Post-diagnosis statin use and breast cancer recurrence in a prospective cohort study of early stage breast cancer survivors
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We examined the association between post-diagnosis statin use (3-hydroxy-3-methylglutaryl-coenzyme A [HMG-CoA] inhibitors) and risk of breast cancer recurrence.
Materials and methods
The study included 1945 early stage breast cancer survivors participating in the Life After Cancer Epidemiology (LACE) Study. Women who were diagnosed from 1997 to 2000 and identified from the Kaiser Permanente Northern California (KPNC) Cancer Registry entered the cohort on average 2 years post-diagnosis. Information on statin use was obtained from the KPNC pharmacy database. A total of 210 breast cancer recurrences were reported and verified by medical record review. Cox proportional hazard models were used to estimate rate ratios (RR) and 95% confidence intervals (CI).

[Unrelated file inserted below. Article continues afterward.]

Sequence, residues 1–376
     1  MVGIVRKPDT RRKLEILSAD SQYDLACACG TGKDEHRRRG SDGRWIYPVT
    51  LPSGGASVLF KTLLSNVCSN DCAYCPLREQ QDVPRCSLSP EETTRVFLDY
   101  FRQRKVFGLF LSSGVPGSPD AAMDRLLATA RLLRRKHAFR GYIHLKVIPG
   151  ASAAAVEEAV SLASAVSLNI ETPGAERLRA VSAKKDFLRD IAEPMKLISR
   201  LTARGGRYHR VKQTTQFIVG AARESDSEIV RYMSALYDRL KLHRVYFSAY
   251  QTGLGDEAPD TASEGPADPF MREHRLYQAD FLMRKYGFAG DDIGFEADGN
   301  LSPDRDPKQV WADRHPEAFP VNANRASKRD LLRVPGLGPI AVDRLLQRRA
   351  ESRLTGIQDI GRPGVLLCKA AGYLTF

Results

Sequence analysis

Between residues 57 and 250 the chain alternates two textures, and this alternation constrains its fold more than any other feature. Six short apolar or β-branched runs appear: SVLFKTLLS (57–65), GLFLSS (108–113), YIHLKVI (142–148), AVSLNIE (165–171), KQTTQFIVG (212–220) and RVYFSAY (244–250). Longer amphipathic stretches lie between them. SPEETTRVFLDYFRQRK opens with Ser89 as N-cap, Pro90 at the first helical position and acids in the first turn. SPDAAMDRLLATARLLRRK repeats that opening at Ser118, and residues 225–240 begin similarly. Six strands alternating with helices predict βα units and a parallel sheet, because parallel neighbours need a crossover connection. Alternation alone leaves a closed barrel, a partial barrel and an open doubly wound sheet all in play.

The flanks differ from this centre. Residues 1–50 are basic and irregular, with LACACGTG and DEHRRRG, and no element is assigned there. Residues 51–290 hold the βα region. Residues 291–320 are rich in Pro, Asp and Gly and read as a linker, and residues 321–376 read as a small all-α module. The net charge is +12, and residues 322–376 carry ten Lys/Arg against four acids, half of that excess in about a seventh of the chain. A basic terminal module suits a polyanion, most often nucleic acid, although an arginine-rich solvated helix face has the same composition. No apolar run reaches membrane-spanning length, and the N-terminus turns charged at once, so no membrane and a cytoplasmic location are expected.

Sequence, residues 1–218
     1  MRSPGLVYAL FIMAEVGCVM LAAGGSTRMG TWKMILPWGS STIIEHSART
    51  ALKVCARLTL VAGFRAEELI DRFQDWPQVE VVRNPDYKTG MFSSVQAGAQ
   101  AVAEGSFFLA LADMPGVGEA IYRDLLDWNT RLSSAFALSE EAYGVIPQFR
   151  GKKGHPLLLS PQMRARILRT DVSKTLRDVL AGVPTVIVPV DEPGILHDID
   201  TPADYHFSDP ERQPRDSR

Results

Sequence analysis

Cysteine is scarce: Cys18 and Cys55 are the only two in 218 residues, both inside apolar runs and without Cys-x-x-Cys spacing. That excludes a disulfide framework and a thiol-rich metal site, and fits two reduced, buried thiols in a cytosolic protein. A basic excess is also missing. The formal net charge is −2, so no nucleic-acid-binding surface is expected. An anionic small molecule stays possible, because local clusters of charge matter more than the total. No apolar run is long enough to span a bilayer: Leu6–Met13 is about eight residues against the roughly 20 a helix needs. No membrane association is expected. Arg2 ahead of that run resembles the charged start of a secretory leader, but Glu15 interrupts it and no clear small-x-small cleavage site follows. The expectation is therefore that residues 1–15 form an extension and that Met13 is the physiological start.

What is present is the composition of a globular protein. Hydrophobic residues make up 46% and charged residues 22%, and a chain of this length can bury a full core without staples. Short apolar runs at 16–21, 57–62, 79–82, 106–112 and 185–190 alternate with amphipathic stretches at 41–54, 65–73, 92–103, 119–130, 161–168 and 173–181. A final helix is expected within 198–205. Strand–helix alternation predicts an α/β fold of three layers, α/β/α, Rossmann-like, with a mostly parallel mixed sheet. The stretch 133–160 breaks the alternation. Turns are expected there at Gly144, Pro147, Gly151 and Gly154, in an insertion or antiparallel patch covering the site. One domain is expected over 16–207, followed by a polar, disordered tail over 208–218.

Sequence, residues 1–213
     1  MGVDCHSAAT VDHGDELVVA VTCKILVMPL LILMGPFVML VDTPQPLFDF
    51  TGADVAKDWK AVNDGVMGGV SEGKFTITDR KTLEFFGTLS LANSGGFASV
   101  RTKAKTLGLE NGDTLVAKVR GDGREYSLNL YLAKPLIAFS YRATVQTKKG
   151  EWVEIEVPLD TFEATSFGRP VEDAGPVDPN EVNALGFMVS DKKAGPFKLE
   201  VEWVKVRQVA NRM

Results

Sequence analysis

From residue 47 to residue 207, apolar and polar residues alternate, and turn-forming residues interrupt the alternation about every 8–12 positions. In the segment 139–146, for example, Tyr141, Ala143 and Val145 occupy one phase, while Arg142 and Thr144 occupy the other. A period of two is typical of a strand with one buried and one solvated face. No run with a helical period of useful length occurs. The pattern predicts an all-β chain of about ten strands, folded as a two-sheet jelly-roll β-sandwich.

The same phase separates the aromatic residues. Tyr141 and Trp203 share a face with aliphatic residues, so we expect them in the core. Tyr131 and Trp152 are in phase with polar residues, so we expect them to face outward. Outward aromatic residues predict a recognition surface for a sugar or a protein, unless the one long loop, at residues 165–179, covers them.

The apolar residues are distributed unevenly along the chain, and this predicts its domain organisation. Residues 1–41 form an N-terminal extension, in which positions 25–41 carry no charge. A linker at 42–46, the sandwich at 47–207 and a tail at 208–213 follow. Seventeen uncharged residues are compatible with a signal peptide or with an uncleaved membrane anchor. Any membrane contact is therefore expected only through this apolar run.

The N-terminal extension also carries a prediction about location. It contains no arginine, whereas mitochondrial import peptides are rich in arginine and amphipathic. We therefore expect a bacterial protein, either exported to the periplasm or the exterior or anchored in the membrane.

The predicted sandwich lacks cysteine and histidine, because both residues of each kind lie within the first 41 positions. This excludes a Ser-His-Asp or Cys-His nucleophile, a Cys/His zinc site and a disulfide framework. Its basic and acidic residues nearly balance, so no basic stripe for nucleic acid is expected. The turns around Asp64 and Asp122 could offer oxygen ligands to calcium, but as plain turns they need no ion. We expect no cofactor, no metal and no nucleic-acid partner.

The mean duration of statin use in the cohort among those who initiated use post-diagnosis was 1.96 years, and lipophilic statins were mainly used (97.8%). Starting statins after diagnosis was suggestive of a decreased risk of breast cancer recurrence (RR = 0.67; 95% CI: 0.39–1.13). Risk of recurrence decreased with increasing duration of statin use after diagnosis (p linear trend = 0.02).
Our findings provide initial support for an inverse association between post-diagnosis, lipophilic statin use and risk of breast cancer recurrence.
KeywordsStatins HMG-CoA inhibitors Breast cancer Recurrence Prognosis
This study was funded by the National Cancer Institute (R01 CA80027) and by the Utah Cancer Registry (N01 PC67000), with additional support from the State of Utah Department of Health. We thank Natalia Udaltsova and Erin Weltzien for statistical programming support. We thank all LACE Study staff and participants. Financial Support: National Cancer Institute (R01 CA80027 and N01-PC-67000).
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